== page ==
Nowhere is this re-think more needed than in Denbighshire. (I know I bang on a bit, but I’ve got a soft spot for Denbighshire, though not its ruined coast, obviously.) The clip below from the BBC (click to enlarge) tells us that last year Denbighshire was forced by a Planning Inspectorate inspector to build 8,500 new homes in the LDP covering the period 2006 to 2021. Yet according to the latest figures (2011) produced by the Knowledge and Analytical Services the county’s population will increase by only 4,134 between 2011 and 2021. Yippee! Everybody will have two homes!

Clearly, the new housing for Denbighshire is overwhelmingly speculative building. Which also goes a long way to explaining the plans for Flintshire and Wrecsam. This is the Mersey-Dee conspiracy in operation. Our north east being used to protect property values in Wilmslow, Prestbury and elsewhere by directing the less well-heeled commuters for Liverpool and Manchester over the border, helped by estate agents advertising properties in Wrecsam as ‘WesDenbighshiret Cheshire’.

This helps explain the anomaly of the KAS projecting huge percentage increases in the numbers living alone, and childless (elderly) couples – groups that would obviously need one- and two-bedroom properties – to justify the large numbers of new dwellings needed . . . yet after ‘consultations’ with the Planning Inspectorate and the Home Builders Federation what emerges is a deluge of planning applications for three- and four-bedroom houses!

All of which makes the motives of those arguing for extravant numbers of new dwellings deeply suspect. Greedy developers cannot be entirely blamed. Which is why I suspect there are darker motives at work; essentially an attempt to change an area’s – and eventually a country’s – character, identity, and loyalty. I may be right, I may be wrong; but it is now established beyond any doubt that the figures and projections used to intimidate Welsh councils into building homes we don’t need were most definitely wrong. Which means that the Local Development Plans are discredited. All must be scrapped.

No new development plans should be drawn up until we have had local government reorganisation. There is no reason to delay this reorganisation any longer, nor is there any good reason to get it wrong (again) by insisting that it can only be done by mergers within existing boundaries, or that the proposed new councils must stick to police force or health board boundaries. Five years from now we could have a national police force and just one health board for the whole country.

But while the future is always difficult to discern, the past, and the statistics produced in recent years by the Knowledge and Analytical Services – the figures that informed the Local Development Plans – are glaringly clear – and they are wrong! To continue as if they were right, and that nothing has changed, would be further proof of the “darker motives” I referred to above.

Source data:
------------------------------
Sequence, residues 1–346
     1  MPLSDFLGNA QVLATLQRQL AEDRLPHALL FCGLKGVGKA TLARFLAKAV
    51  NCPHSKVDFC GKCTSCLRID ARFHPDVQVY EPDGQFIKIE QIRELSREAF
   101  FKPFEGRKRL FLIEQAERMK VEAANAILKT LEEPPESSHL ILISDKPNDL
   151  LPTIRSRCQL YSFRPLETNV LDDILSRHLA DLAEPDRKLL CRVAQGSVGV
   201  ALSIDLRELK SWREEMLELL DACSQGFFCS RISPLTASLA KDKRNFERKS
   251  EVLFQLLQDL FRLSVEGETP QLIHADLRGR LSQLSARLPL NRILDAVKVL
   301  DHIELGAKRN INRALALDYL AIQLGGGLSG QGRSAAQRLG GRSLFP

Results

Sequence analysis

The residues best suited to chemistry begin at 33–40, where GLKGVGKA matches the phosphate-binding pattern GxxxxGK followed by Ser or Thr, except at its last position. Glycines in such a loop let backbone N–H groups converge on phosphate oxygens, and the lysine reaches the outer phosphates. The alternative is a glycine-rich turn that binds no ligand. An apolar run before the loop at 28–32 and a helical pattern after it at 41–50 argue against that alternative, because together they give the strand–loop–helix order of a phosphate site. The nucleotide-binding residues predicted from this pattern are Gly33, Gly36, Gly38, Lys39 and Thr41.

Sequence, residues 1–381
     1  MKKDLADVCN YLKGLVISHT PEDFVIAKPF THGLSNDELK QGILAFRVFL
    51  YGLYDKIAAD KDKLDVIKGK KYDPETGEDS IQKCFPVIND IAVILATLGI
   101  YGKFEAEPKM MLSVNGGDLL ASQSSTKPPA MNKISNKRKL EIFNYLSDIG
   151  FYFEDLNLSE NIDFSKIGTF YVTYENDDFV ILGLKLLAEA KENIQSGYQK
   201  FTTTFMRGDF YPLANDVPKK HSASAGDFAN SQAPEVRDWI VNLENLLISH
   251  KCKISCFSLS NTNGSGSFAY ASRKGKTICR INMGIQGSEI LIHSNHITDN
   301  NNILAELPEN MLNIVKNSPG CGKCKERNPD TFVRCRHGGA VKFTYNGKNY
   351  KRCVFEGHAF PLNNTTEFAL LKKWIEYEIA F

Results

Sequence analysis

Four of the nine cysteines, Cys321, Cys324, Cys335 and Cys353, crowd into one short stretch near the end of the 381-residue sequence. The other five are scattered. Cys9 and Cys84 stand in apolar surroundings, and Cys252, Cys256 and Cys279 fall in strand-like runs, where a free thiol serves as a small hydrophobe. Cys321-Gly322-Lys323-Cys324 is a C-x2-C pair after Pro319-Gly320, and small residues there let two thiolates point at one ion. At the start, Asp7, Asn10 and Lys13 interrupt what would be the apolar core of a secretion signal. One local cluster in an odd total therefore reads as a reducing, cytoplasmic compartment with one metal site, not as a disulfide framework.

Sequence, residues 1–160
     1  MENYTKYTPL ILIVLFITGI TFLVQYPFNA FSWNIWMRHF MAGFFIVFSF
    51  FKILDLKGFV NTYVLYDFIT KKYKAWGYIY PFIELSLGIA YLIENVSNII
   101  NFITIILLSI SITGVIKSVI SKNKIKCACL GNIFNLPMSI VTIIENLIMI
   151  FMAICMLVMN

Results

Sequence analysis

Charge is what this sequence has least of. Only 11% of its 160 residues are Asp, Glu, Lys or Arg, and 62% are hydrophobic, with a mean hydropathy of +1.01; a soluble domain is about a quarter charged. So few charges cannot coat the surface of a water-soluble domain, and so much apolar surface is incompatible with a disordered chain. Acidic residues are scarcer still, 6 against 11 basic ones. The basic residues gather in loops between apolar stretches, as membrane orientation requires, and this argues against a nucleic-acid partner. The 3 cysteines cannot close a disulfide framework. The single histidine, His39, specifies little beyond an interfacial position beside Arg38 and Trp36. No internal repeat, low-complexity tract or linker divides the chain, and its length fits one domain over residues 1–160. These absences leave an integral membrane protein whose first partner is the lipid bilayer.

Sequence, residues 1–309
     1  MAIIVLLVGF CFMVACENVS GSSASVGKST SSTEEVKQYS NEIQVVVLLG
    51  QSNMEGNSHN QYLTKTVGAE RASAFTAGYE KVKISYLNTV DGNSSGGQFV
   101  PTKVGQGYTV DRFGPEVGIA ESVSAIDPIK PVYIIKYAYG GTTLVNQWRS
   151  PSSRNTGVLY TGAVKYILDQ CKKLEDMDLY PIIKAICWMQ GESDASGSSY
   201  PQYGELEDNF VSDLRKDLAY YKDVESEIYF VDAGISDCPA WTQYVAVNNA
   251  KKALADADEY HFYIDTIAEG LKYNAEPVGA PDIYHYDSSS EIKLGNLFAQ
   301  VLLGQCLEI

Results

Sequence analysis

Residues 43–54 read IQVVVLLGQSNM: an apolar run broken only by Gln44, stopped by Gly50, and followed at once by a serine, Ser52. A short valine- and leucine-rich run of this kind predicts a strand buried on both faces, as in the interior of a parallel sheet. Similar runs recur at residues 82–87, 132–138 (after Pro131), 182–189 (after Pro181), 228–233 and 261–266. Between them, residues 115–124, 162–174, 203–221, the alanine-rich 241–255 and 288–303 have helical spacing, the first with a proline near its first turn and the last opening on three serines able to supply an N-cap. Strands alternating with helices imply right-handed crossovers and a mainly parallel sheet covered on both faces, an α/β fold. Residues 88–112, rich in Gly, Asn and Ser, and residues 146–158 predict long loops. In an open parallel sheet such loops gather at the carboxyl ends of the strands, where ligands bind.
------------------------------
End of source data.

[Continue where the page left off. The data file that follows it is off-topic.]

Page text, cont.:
Jan 192014
 

As regular readers will be aware, I have recently focused on planning and housing in Wales, more specifically, the data being used to forecast how many new homes Wales will ‘need’ over the next couple of decades. What I have learnt is that the forecasts produced in the name of the ‘Welsh’ Government bear little relation to the data supplied by the Office for National Statistics nor to any genuine Welsh need. This is because those producing the forecasts are serving agendas that have nothing to do with meeting Wales’ housing needs.

Before proceeding, a brief recap might save you having to refer to recent posts too regularly. The raw data is, as I’ve mentioned, produced by the ONS. This comes in the form of the 2011 census findings and subsequent population projections. The ONS however does not produce household projections – i.e. the number of new homes that will need to be built – this is “sourced” to the Department for Communities and Local Government in London. In Wales, household projections are made by a unit calling itself Knowledge and Analytical Services, which answers to the DCLG in London. These figures are then used by the Planning Inspectorate, an ‘executive agency’ of the DCLG. Both claim to have some separate Welsh existence, and to answer to the ‘Welsh’ Government. This is absolute bollocks.

Carl SargeantThe figures produced by the KAS and PI underpin the Local Development Plans currently being forced through and also the Housing (Wales) Bill (see recent posts) which deals specifically with social and rented housing. This means that all plans for new housing in Wales are concocted by civil servants answering to a UK / England government department. These machinations are then presented as a fait accompli to Carl Sargeant, the ‘Welsh’ Government Minister for Housing and Regeneration, whose role in the whole squalid affair is limited to saying what civil servants tell him to say.